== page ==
So my analysis? I chose to share that two week period as prior to that supposedly I would have been ok, with no depression. A clinical assessment may only be able to look at the two period following the loss. In that two week period I had…
- lack of appetite
- heavy drinking
- irrational, delusional thoughts
- excessive crying
- problems sleeping
- weight loss
And all of those things are normal grief responses. However had I been to see my doctor I could have been diagnosed with depression, which would then place me under the umbrella of having a mental illness. Could bereaved parents actually be sectioned following the loss of their child?
There is a weird period of time in the timescale of grief. I don’t know if it arrives for everybody at the same time, but I would bet money on the fact that it appears for all. When your baby or child dies the world can become a very dark place. It can seem like you are fighting just to stay alive, there can seem to be no point to the day.
I discovered the battle of organising the funeral and volunteered for this. In the war zone that had become my life I spent hours each day searching music, readings, flowers. We had tasks to do, even if they were incredibly hard. There were missions out into enemy territory – the real world. The real world where everything seems too bright, too loud, too happy and full of traps to catch you. Booby traps like shelves of nappies in unexpected places in shops, or the screaming baby around every corner. The venture into the most dangerous place of all Mothercare, where instead of being on R&R with our family we were facing large numbers of enemy troops and booby traps trying to find an outfit for our newborn to wear in his forever bed, before we buried him.
The battle of the funeral ended in a stalemate, with no ground won or lost. And the hours after the funeral, when my mind debriefed suddenly became quiet. The shock and realisation hit me that all of the other soldiers, my comrades were going on R&R tomorrow.
A few weeks after Finley was born and my life looked like a no man’s land on a misty morning. I woke up one day and suddenly I was on my own in a barren, burnt and blackened piece of land. The mist had come down and I could not see anybody. I knew they must be there because the war is over, but to find them I had to find the courage to walk out in a world that looked different. A world with different landmarks and slightly hazy, dim views. On the other side of that patch of land life is green and bright, life has carried on for other people. I am surrounded by the letters that were left, all of them saying if you need anything just ask. But the people that left those letters are long gone.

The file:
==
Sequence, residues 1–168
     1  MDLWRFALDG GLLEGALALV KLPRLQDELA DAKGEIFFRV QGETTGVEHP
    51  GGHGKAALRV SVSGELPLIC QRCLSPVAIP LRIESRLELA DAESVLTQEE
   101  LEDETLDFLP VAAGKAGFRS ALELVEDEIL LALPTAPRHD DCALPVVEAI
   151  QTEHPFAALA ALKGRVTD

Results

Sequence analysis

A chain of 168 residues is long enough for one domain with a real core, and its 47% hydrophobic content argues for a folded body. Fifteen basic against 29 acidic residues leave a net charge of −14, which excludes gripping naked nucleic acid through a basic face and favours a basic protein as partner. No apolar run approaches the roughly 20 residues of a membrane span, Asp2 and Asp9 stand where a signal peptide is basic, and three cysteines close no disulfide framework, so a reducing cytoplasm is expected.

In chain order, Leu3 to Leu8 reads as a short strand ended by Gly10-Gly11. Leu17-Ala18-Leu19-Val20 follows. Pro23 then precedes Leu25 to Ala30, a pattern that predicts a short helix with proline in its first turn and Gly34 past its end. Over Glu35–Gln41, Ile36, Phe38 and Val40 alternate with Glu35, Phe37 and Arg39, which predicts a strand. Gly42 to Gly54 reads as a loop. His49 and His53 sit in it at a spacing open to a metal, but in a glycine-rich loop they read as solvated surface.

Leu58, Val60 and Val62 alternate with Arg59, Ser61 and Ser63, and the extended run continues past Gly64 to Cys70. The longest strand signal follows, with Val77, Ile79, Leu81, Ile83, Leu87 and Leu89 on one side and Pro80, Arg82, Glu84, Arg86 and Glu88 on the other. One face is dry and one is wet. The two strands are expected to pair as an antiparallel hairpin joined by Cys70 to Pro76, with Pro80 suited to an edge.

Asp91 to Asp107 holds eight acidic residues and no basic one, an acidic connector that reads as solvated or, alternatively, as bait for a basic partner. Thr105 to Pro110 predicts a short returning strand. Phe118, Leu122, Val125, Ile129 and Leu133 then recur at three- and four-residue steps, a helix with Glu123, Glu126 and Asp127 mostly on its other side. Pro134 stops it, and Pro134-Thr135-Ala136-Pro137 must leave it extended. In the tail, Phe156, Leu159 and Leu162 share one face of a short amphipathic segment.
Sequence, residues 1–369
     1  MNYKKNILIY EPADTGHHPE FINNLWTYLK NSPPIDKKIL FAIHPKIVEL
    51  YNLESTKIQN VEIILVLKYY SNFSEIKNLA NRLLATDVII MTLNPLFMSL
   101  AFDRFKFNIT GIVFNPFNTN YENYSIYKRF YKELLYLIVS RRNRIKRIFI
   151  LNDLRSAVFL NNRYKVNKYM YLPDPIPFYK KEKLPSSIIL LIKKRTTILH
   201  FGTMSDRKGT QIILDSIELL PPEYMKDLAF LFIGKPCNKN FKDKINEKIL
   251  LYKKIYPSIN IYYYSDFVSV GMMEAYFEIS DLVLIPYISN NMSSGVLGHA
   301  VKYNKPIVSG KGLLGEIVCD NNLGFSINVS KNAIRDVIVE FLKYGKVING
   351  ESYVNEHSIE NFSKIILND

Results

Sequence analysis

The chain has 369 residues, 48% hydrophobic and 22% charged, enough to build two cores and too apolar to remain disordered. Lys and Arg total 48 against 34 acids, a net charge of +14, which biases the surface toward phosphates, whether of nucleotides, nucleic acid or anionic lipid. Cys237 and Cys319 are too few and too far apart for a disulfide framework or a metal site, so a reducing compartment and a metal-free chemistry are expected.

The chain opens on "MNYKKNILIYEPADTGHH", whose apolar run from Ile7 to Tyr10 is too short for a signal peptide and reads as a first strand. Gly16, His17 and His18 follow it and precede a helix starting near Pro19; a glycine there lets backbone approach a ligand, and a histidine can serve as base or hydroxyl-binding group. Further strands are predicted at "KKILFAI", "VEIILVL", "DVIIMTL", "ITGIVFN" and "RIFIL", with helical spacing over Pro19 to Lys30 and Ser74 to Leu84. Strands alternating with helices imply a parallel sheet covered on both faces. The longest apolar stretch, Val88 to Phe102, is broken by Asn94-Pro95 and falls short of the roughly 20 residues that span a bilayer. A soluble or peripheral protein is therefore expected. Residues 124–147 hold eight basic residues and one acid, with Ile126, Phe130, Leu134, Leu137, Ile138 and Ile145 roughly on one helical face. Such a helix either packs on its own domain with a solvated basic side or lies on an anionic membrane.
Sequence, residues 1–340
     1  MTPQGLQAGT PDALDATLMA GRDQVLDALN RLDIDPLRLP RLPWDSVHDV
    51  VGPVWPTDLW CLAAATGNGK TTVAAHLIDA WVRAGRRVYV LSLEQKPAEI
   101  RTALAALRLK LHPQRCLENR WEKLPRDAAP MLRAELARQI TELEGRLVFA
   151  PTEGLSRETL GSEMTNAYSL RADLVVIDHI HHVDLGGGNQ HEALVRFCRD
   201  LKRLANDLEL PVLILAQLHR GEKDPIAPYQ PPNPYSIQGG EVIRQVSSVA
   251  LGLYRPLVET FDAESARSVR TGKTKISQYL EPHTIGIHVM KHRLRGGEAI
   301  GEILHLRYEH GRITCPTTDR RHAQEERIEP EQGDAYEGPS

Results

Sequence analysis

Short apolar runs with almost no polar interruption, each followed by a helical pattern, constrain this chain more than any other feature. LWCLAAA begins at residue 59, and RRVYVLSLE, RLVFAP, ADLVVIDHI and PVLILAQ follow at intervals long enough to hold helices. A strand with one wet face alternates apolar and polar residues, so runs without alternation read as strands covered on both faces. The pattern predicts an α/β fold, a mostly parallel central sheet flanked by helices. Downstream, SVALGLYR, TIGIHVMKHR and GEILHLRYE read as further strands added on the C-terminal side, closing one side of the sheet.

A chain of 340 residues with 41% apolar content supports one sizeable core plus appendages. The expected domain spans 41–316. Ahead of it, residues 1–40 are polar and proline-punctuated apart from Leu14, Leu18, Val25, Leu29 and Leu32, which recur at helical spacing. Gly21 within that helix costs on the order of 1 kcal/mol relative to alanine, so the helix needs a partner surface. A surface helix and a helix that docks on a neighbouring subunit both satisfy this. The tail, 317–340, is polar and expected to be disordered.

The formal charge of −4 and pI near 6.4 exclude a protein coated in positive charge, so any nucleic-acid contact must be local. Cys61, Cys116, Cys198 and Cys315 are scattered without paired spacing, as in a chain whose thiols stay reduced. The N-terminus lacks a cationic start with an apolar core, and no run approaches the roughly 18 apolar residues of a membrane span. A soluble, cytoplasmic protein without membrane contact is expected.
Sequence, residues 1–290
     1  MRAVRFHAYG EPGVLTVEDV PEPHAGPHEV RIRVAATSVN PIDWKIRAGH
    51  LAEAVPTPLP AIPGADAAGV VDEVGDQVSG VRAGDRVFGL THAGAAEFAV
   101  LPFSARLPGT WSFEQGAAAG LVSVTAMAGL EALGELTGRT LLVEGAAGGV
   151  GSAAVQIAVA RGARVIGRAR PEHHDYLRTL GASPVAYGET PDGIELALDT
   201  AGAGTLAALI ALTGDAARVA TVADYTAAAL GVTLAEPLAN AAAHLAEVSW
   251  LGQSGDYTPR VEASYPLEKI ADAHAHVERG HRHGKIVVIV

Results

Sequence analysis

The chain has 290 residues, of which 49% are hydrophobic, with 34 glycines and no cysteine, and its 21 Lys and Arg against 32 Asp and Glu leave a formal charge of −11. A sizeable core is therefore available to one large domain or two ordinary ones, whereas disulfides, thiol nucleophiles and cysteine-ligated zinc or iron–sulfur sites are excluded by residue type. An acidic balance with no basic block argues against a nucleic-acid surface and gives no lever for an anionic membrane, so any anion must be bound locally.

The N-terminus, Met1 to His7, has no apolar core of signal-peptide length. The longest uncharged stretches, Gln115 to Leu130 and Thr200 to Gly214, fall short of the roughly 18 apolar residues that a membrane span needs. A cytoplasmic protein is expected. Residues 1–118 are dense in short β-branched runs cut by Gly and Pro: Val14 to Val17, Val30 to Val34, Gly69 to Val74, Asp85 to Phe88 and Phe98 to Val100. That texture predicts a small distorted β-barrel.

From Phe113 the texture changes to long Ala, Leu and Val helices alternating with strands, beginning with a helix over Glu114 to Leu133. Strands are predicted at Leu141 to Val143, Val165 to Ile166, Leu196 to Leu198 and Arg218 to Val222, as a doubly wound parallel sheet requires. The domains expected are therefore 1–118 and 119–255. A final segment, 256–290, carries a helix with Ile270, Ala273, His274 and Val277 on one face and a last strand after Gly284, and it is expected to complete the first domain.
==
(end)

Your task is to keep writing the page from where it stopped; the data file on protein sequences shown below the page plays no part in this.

I picked up the phone but the line is burnt and they can’t hear me, my voice was shaken and I couldn’t hear. After a while I began to venture into the wasteland, always heading back because it just seemed to far to get across that No Man’s Land of my Grief.
It’s a very lonely, scary walk to find your way across that land, when you have become accustomed to being alone and in the greyness. Sometimes a friendly hand, or word in that space of time from maybe 2-6 months is when it is most needed.
As the time goes by, I am 2 and half years After Finley, the interactions have changed. The emotion is not so raw and I get a simple kind of pleasure and pride about hearing people say how Finley has stayed in their hearts, how their lives have changed, how when they heard the news they held their child, imagining what it would be like to not lose that. If one person appreciates their life more because of Finley then his life has not been wasted. He lives on through their smiles.
People are able to remember their baby, or a baby that they know in two ways through my work. They can fundraise and dedicate a cold cot in memory of their baby to a hospital. They can also donate £30 and a butterfly box will be supplied to a hospital, with a letter in explaining who it is supplied in memory of. Specific items can also be donated to us, to be included in butterfly boxes.
I want to write,
Have nothing to say.
I want to sleep,
It’s the end of the day.
I want it to stop,
My mind ‘s started to fray.
All of this hurt
I can’t stand it this way.
I want to go back,
Wish I could replay.
I want time again,
I have so much to say.
I want to hold you,
Why couldn’t you stay.
My heart’s really heavy,
Let me heal, that’s all I pray.
Melanie Scott 2012